GPR30, but not estrogen receptor-α, is crucial in the treatment of experimental autoimmune encephalomyelitis by oral ethinyl estradiol
1 Neuroimmunology Research, Portland VA Medical Center, Portland, OR, USA
2 Department of Neurology, Oregon Health & Science University, Portland, OR, USA
3 Department of Molecular Microbiology & Immunology, Oregon Health & Science University, Portland, OR, USA
4 Department of Anesthesiology and Perioperative Medicine, Oregon Health & Science University, Portland, OR, USA
BMC Immunology 2010, 11:20 doi:10.1186/1471-2172-11-20Published: 19 April 2010
Remission of multiple sclerosis during periods of high ovarian hormone secretion (such as pregnancy) has led to a great deal of interest in the potential for estrogens to treat autoimmune disease. Previous work has established that 17β-estradiol can inhibit onset of experimental autoimmune encephalomyelitis (EAE), while ethinyl estradiol (EE) can reduce the severity of established disease. In the current study, the influence of estrogen receptor-α (ERα) and the G-protein coupled estrogen receptor (GPR30 or GPER) on EE's ability to treat EAE was explored.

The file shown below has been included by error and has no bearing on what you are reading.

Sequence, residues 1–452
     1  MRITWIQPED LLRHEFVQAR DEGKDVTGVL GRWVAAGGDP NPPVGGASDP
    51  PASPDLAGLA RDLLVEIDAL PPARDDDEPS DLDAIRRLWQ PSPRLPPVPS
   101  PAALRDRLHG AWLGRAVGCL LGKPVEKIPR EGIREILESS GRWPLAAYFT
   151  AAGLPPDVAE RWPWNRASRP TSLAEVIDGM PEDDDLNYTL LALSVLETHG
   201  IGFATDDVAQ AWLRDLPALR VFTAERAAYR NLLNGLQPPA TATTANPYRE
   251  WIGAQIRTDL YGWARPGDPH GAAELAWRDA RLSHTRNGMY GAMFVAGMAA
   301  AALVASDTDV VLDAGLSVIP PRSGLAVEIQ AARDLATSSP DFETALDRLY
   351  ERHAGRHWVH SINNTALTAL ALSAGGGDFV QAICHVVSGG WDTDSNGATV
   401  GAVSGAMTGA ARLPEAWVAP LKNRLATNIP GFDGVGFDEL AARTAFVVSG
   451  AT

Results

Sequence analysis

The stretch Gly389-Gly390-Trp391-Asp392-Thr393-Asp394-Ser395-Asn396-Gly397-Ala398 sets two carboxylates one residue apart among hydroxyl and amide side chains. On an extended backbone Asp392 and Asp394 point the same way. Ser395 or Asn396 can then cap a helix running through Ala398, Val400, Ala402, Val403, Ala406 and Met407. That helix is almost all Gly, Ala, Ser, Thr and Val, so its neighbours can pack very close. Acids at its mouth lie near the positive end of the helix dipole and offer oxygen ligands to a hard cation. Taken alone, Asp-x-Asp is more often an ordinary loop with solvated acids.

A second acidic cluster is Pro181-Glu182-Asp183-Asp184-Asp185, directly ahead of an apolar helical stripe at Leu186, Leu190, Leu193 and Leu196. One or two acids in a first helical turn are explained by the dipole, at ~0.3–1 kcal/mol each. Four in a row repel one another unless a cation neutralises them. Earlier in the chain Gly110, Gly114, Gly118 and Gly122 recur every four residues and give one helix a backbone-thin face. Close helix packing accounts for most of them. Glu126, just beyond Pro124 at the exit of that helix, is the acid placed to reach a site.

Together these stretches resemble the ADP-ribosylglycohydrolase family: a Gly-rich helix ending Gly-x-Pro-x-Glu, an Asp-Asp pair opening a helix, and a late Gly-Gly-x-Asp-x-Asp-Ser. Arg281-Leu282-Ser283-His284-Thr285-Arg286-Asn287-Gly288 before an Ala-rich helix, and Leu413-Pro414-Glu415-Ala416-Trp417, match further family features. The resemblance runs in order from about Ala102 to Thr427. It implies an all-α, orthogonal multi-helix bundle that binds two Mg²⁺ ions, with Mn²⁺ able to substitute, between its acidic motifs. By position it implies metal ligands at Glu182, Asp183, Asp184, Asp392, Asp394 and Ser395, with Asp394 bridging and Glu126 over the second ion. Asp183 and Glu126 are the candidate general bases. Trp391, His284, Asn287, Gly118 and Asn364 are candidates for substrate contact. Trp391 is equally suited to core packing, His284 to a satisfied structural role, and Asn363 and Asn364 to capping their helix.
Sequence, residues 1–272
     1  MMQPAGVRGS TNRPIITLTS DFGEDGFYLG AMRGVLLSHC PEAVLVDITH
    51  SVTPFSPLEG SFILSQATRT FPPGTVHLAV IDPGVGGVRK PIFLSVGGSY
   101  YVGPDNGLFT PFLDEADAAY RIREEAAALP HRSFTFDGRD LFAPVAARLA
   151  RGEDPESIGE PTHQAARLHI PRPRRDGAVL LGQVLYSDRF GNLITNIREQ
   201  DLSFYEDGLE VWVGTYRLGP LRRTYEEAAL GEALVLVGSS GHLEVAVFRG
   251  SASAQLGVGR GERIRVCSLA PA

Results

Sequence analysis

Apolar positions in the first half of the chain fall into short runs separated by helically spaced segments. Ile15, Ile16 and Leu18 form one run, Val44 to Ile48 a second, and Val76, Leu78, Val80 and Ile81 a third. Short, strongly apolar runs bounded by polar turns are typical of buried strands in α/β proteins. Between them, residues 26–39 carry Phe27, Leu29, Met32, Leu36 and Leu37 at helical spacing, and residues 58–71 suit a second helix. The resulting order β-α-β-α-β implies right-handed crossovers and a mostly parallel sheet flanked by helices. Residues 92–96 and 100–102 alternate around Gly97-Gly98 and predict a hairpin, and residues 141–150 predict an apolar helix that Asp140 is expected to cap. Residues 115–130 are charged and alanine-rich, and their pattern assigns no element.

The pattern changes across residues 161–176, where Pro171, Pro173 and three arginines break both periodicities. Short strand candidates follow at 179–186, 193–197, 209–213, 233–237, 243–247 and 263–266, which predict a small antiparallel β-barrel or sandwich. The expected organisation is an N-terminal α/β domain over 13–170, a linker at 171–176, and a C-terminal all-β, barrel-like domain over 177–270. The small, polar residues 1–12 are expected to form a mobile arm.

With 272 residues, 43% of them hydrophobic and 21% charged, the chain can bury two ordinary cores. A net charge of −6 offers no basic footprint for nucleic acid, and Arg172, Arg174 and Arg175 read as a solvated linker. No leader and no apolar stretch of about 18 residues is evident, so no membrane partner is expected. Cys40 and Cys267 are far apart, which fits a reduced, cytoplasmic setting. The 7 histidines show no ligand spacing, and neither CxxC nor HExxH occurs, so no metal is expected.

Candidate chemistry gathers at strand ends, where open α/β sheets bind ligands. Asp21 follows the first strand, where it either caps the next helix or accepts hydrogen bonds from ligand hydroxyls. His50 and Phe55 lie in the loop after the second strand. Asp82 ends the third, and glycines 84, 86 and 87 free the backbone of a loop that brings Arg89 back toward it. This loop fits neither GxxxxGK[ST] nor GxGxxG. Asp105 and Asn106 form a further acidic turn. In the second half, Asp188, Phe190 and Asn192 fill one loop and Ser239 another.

EE reduced disease severity in wild-type and ERα knockout (ERKO) mice, but did not alter disease in the GPR30KO group. Production of anti-inflammatory IL-10 increased in EE-ERKO mice (which showed reduced disease) but not in EE-GPR30KO mice (who did not have improved disease).
Differential production of IL-10 following EE treatment in ERKO and GPR30KO animals may be responsible for the distinctly different effects on disease severity. Increased IL-10 in ERKO-EE compared to ERKO-Controls is likely to be an important factor in reducing established disease. The inability of EE to reduce disease in GPR30KO mice indicates an important but still undefined role for GPR30 in regulating immune reactivity.